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post #1 of 12 Old 04-10-2017, 06:08 AM - Thread Starter
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Dtsdig's Curvy Sealed Sub Builds!

In March 2013, I officially jumped into this crazy world of DIY speakers and subs by purchasing a pair of SI HT18's, which at the time, were first gen from SI. This pair was to replace the Polk PSW505 that I had bought the year before. After tons of reading and hanging out on HTS, I decided to take the plunge. I've been wanting to document the build here on AVS since HTS doesn't get much traffic these days, so here we go!
Here's my setup before I tore it down in January:


My two curvy cabs have been in use in raw MDF form since the end of 2013 right up until January of this year (2017) when I had to take the boxes out of my livingroom in order to better stage our house for showings since we decided to move. I figured that while my livingroom setup was going to out of commission until we move into our new place, I might as well finally finish the cabs. As some of you may know, a lot has changed for me since 2013 and I have really jumped into wood working, buying tools and equipment and building my skills since then. After much debate, I have decided to turn these subs into up-firing end tables for the new house livingroom system.
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Last edited by dtsdig; 04-11-2017 at 11:59 AM.
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post #2 of 12 Old 04-10-2017, 06:08 AM - Thread Starter
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Starting at the beginning....
In 2013, I did not own a router yet, or a track saw, or a table saw or too much else for woodworking tools. All of my MDF cuts were done with a homemade straight edge jig and a 20 year of Craftsman circular saw. I purchased my Bosch router for this build and had to learn how to use it!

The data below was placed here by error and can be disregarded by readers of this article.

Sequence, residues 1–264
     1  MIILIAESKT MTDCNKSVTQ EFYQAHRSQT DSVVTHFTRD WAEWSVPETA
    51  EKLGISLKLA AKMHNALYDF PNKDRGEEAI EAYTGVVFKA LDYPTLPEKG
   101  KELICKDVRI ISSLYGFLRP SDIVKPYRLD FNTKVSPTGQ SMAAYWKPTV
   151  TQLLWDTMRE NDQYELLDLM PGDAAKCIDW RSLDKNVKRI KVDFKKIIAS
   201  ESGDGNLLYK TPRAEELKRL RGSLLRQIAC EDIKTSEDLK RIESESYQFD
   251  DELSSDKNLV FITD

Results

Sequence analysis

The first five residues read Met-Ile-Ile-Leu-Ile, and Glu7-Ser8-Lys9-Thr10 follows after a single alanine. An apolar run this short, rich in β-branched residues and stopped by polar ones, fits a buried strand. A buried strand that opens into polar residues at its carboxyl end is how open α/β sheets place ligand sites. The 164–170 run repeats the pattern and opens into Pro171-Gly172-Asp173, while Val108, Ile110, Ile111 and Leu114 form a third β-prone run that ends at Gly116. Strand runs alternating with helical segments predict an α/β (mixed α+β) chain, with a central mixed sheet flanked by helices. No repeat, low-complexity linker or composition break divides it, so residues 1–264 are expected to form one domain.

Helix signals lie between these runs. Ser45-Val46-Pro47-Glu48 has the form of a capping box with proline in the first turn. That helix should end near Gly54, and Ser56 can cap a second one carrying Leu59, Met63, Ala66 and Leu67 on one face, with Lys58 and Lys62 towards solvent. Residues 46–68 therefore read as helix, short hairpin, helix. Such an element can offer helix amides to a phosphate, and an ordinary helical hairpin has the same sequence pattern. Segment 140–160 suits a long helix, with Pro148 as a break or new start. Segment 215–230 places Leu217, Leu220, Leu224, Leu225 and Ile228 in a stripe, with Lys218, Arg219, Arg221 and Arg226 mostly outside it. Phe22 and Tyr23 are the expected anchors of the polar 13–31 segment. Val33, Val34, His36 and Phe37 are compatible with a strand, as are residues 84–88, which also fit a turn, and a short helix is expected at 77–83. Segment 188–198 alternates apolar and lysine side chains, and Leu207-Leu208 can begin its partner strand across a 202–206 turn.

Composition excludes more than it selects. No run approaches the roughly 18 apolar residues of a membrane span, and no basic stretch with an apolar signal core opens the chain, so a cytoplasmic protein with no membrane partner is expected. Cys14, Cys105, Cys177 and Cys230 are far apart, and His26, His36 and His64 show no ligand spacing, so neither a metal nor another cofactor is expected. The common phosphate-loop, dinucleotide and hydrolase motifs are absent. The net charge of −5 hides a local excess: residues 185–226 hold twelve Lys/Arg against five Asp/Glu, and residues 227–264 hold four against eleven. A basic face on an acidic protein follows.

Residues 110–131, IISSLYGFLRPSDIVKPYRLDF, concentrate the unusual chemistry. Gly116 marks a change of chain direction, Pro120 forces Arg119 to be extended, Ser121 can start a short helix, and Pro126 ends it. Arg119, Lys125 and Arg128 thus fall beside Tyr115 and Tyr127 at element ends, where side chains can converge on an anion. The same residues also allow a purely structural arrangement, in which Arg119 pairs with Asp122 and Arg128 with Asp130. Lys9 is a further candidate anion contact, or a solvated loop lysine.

Here's the beginning from around March 2013.
Find a radius using a long swing arm with the router attached:




The track setup with stacks of tempered hardboard to cut for the curved sides:


I traced the edge of the piece that I cut off onto an MDF panel then flipped it and traced it again. Here I am getting ready to rough cut the edges with my jigsaw:


Next, I used that piece as the guide and used a pattern bit to get the same shape on the edge of a piece of 1/2" plywood. Again, flip the piece over and match the opposite edge on the MDF panel. After that, I clamped a second piece of plywood to the first and made another copy for sub #2.




Eventually, I got in a routine and made 4 more copies of this panel out of MDF to use as the baffles for both boxes. The baffles each consist of one layer of 1/2" ply and 2 layers of 3/4" MDF. Additionally, I had to make 4 more of these panels to be used as the backs of the cabs and the braces but with a slightly different width since they would have curved side panels attached to their outside edges whereas the baffles do not.